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Word embeddings as a service
François Scharffe ( ),
PyData NYC 2015
@lechatpito (http://www.twitter.com/lechatpito) 3Top
(http://www.3top.com)
Outline of the talk
What is 3Top?
What are word embeddings?
How to implement a simple recommendation system for 3Top categories?
Rank Anything, Rank Everything
3Top is a ranking and recommendation platform
Rankings convey more information than star ratings
Who cares about 3 stars or less? I just want the best stuff
I'd rather trust my friends than reading through reviews
If I have more than 3 items to rank, I can probably use a more precise
category
Not yet launched, but the site is up
Let's take a look at http://www.3top.com (http://www.3top.com)
Places
http://www.3top.com/category/1138/gyms-for-students-near-lower-east-side
(http://www.3top.com/category/1138/gyms-for-students-near-lower-east-
side)
Movies
http://www.3top.com/category/142/movies-about-wall-street
(http://www.3top.com/category/142/movies-about-wall-street)
Anything really
http://www.3top.com/category/765/foods-named-after-people
(http://www.3top.com/category/765/foods-named-after-people)
Data & knowledge engineering at 3Top
Building a solid data engineering architecture before launching the site.
Natural language processing pipeline
Parsing categories
Currently using a parser we developped
About to switch to from Matthew
Honnibal. It's great, check it out!
Detecting named entities, locations
A large knowledge graph backed by an ontology
An itemization pipeline
matching free text items to entities in the knowledge graph
spaCy (http://spacy.io)
Category recommendation
How are we going to build a simple recommendation system without having any
significant number of user, categories or rankings?
Note the impressive figures:
Number of Users: 316
Number of Rankings: 2123
Number of Categories: 1316
Feel free to add a few rankings:
W o w ! ; )
http://www.3top.com (http://www.3top.com)
Word embeddings ?
Who hasn't heard about word2vec?
Word embeddings allow to represent words in a high dimensional space in a way that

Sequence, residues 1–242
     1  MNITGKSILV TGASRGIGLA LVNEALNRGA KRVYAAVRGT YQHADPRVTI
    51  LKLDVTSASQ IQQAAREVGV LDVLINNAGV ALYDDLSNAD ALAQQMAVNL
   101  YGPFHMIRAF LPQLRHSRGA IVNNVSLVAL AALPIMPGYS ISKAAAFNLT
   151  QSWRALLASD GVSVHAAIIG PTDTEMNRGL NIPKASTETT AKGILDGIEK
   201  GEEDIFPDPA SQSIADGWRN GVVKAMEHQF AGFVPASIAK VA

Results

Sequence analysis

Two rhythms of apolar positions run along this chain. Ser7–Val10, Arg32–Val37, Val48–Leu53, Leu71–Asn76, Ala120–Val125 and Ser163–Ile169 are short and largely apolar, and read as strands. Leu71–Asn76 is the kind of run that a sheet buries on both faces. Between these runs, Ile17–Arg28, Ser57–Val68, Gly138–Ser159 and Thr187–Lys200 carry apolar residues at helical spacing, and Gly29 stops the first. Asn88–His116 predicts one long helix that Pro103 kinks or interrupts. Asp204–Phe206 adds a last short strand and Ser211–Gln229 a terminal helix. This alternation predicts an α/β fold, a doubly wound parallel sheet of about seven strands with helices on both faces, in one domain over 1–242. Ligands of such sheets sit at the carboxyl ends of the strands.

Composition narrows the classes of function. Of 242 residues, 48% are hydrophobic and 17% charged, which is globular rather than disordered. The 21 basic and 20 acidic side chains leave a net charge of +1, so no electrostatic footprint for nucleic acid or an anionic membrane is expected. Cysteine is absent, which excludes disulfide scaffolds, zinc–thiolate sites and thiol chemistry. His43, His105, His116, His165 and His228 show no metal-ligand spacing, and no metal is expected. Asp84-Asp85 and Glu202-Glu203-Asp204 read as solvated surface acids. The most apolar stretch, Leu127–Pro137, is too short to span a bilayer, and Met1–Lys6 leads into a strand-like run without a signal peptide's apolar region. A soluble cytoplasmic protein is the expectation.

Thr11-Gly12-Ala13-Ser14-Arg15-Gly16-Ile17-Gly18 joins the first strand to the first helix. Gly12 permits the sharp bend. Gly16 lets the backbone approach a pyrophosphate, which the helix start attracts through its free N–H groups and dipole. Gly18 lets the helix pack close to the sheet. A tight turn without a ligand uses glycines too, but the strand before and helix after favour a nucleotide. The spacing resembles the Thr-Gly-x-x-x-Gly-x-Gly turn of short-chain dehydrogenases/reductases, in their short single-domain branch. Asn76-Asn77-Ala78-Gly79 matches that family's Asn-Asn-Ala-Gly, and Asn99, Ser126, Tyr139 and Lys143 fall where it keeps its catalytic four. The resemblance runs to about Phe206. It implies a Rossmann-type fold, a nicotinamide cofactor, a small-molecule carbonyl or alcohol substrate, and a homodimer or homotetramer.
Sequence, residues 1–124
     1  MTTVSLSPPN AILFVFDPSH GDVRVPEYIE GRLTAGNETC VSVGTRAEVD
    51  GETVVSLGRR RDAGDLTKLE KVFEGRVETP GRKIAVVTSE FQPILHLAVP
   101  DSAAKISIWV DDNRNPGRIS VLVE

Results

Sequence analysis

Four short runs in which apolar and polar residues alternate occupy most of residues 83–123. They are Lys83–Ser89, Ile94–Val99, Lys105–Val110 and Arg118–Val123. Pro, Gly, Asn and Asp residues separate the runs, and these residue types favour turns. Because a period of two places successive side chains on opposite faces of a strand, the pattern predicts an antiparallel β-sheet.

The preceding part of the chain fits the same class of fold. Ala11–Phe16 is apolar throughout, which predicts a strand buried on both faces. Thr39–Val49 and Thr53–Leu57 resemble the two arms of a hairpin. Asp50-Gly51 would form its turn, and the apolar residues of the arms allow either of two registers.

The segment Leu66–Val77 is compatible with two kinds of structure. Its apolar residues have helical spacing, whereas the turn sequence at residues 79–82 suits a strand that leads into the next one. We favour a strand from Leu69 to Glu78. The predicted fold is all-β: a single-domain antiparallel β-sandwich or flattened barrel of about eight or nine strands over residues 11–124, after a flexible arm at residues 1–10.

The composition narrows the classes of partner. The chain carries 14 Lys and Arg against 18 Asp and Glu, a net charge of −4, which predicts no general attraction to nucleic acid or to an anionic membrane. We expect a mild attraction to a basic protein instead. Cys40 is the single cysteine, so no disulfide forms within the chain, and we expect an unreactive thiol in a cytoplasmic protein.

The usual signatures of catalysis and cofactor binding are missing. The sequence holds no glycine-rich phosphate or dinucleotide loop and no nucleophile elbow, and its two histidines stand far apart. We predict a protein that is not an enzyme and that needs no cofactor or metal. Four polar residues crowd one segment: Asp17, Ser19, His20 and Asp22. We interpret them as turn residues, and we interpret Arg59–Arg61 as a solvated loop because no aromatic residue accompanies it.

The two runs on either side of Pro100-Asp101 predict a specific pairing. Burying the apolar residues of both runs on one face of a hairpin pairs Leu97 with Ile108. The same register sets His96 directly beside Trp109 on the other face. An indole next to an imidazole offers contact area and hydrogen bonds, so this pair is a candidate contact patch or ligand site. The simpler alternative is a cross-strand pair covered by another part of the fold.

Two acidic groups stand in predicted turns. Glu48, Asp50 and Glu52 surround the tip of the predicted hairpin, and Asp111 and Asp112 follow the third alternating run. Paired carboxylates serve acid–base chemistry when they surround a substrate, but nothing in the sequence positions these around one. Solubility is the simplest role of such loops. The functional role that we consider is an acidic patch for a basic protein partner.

words appearing in the same context will be close in that space.
Dimensionality of the space is not that high, typically a few 100 dimensions.
Word embeddings is a language modeling method, more precisely a distributed
vector representation of words.
Compared to Bag of words:
Dimensionality is low, and constant wrt the vocabulary size
Depending on the training algorithm, partially learned models give partially
good results
Compared to topic modeling:
Better granularity, the base element is a word
Phrases vector can also be learnt
What are word embeddings models good at:
Modeling similarity between words
Allows algebric operations on word vectors
s i m ( t o m a t o , b e e f s t e a k ) < s i m ( a p p l e , t o m a t o ) < s i m ( p e a r , a p p l e )
v ( P a r i s ) - v ( F r a n c e ) ~ = v ( B e r l i n ) - v ( G e r m a n y )
Examples
Examples here are using a GloVe model (100d, 400k vocab, trained on Wikipedia and
Gigaword (news articles)).
In [3]: from gensim.models import Word2Vec
model = Word2Vec().load_word2vec_format("./glove.6B.100d.txt")
In [4]: model.most_similar("python", topn=10)
Out[4]: [(u'monty', 0.6886237859725952),
(u'php', 0.586538553237915),
(u'perl', 0.5784406661987305),
(u'cleese', 0.5446674823760986),
(u'flipper', 0.5112984776496887),
(u'ruby', 0.5066927671432495),
(u'spamalot', 0.505638837814331),
(u'javascript', 0.5030568838119507),
(u'reticulated', 0.4983375668525696),
(u'monkey', 0.49764129519462585)]
In [5]: model.most_similar_cosmul(positive=["python", "programming"], topn=5)
Out[5]: [(u'perl', 0.5658619999885559),
(u'scripting', 0.559501588344574),
(u'scripts', 0.5469149351119995),
(u'php', 0.5461974740028381),
(u'language', 0.5350533127784729)]
In [6]: model.most_similar_cosmul(positive=["python", "venomous"], topn=5)
Out[6]: [(u'scorpion', 0.5413044095039368),
(u'snakes', 0.5263831615447998),
(u'snake', 0.5222328901290894),
(u'spider', 0.5214570164680481),
(u'marsupial', 0.517005205154419)]
The classical example:
v ( k i n g ) - v ( m a n ) + v ( w o m a n ) - > v ( q u e e n )
In [7]: model.most_similar_cosmul(positive=["king", "woman"], negative=["man"])
Out[7]: [(u'queen', 0.8964556455612183),
(u'monarch', 0.8495977520942688),
(u'throne', 0.8447030782699585),
(u'princess', 0.8371668457984924),
(u'elizabeth', 0.835679292678833),
(u'daughter', 0.8348594903945923),
(u'prince', 0.8230059742927551),
(u'mother', 0.8154449462890625),
(u'margaret', 0.8147734999656677),
(u'father', 0.8100854158401489)]
Training a model
Very easy once you have a clean corpus
Great tools in Python
Tutorial on training a model using Gensim:
Radim Řehůřek gave a talk last year at PyData Berlin about
optimizations in Cython:
For GloVe
http://rare-
technologies.com/word2vec-tutorial/ (http://rare-
technologies.com/word2vec-tutorial/)
https://www.youtube.com/watch?
v=vU4TlwZzTfU (https://www.youtube.com/watch?v=vU4TlwZzTfU)
https://github.com/maciejkula/glove-python
(https://github.com/maciejkula/glove-python)
Gensim word2vec implementation specifics:
Training time ~ 8hours on a 8 proc/8 threads to learn 600 dimensions on a 1.9B
words corpus
Memory requirements depends on the vocabulary size and on the number of
dimensions:
The
takes half the time but has a quadratic memory size. Check pull requests for memory